Even as the Life Insurance Corporation (LIC) looks at buying up to 51 per cent stake in IDBI Bank, its investment record in public sector banks
(PSBs) is disappointing.
LIC has lost money in 18 out of 21 PSBs
in the last two and a half years. At the end of March this year, the government-owned insurance major had equity investments of over 1 per cent in 21 PSBs
but only three of them are now trading at a higher stock price than their prices at the end of December 2015.
The country’s largest insurer’s three profitable investments include Indian Bank, which is up 163 per cent, Vijaya Bank
(43.4 per cent), and State Bank of India, or SBI (4 per cent) over the period.
All its nine private sector bank investments, where it has stake over 1 per cent, are in the green.
LIC’s PSB investments are down 8 per cent in value between December 2015 and now even as it has had to make continuous incremental investments in the ailing banks. Over the period, the number of shares held by LIC in PSBs
has gone up and in some cases, even its shareholding on a higher capital base.
On the other hand, the value of its investments in private sector banks is up 50 per cent as shares of HDFC Bank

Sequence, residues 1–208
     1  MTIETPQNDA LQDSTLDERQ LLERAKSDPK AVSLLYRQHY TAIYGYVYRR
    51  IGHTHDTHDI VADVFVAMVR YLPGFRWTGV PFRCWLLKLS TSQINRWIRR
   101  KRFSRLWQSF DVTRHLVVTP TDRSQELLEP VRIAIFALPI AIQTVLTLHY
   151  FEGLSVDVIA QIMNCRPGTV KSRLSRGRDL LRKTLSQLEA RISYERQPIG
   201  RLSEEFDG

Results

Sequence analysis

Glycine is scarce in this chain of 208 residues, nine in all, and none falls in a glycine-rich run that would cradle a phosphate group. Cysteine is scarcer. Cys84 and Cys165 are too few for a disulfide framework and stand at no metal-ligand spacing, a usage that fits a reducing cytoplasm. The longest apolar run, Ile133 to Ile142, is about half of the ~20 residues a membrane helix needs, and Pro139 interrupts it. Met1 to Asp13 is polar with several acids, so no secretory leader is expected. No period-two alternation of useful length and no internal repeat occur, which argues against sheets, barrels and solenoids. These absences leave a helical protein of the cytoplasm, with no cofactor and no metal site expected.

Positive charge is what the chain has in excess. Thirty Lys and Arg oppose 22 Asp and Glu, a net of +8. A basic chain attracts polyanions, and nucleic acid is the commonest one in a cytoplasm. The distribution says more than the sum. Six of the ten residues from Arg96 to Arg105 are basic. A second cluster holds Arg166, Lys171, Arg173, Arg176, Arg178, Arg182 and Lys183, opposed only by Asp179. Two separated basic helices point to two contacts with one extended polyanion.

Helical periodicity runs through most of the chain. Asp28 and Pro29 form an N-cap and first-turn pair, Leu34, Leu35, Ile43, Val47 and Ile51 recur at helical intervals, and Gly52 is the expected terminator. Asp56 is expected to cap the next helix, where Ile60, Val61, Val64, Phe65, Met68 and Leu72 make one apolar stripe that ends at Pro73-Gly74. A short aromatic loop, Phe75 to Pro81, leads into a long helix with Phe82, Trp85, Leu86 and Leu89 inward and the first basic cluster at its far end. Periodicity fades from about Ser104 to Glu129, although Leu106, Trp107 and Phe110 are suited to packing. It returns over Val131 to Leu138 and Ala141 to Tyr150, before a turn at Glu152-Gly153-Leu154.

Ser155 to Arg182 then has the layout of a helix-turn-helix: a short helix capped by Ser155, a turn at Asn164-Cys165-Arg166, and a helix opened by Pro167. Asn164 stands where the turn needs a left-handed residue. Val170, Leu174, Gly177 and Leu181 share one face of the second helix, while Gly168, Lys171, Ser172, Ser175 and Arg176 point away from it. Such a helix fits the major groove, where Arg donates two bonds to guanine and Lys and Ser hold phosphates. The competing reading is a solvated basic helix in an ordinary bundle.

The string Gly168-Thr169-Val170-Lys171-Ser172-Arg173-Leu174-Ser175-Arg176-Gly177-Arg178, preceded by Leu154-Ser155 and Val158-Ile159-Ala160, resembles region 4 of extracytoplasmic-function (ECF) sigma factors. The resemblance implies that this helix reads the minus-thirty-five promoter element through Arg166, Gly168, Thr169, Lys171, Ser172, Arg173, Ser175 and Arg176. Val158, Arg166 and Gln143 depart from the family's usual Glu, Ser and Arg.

have gone up 95 per cent and YES Bank has gained 134 per cent in the period.
There has been sharp erosion in the value of LIC’s investments in PSBs
since the Reserve Bank of India’s asset quality review in the second half of 2015. The central bank asked banks to recognise bad loans from the December 2015 quarter. Dena Bank, UCO Bank, and Bank of Maharashtra have lost more than 60 per cent of their value. In all, nine PSBs
have seen 50 per cent decline in their share prices during the period, while another six are down 30 to 50 per cent during the period.
In rupee terms, SBI is the biggest investment for the insurer, followed by Punjab National Bank
In terms of stake ownership however, PNB tops the chart as LIC owns 14.2 per stake in the bank, followed by Corporation Bank (13 per cent) and Allahabad Bank (12.4 per cent stake). It owns over 10 per cent in three other banks — IDBI Bank, Syndicate Bank, and Central Bank of India.
The analysis is based on the shareholding pattern of listed PSBs
at the end of March 2018 and December 2015 quarter and the movement in their stock price (adjusted for equity changes) between now and the end of December 2015.
LIC’s exposure to PSBs, however, is small compared to its total investment portfolio. As of December 2017, the total long-term investments of LICs’ policyholders fund in government securities stood at Rs 15.4 trillion, followed by Rs 4.8 trillion in equity shares and Rs 761 billion in debentures or bonds.
Emails to LIC on its public sector investments remained unanswered.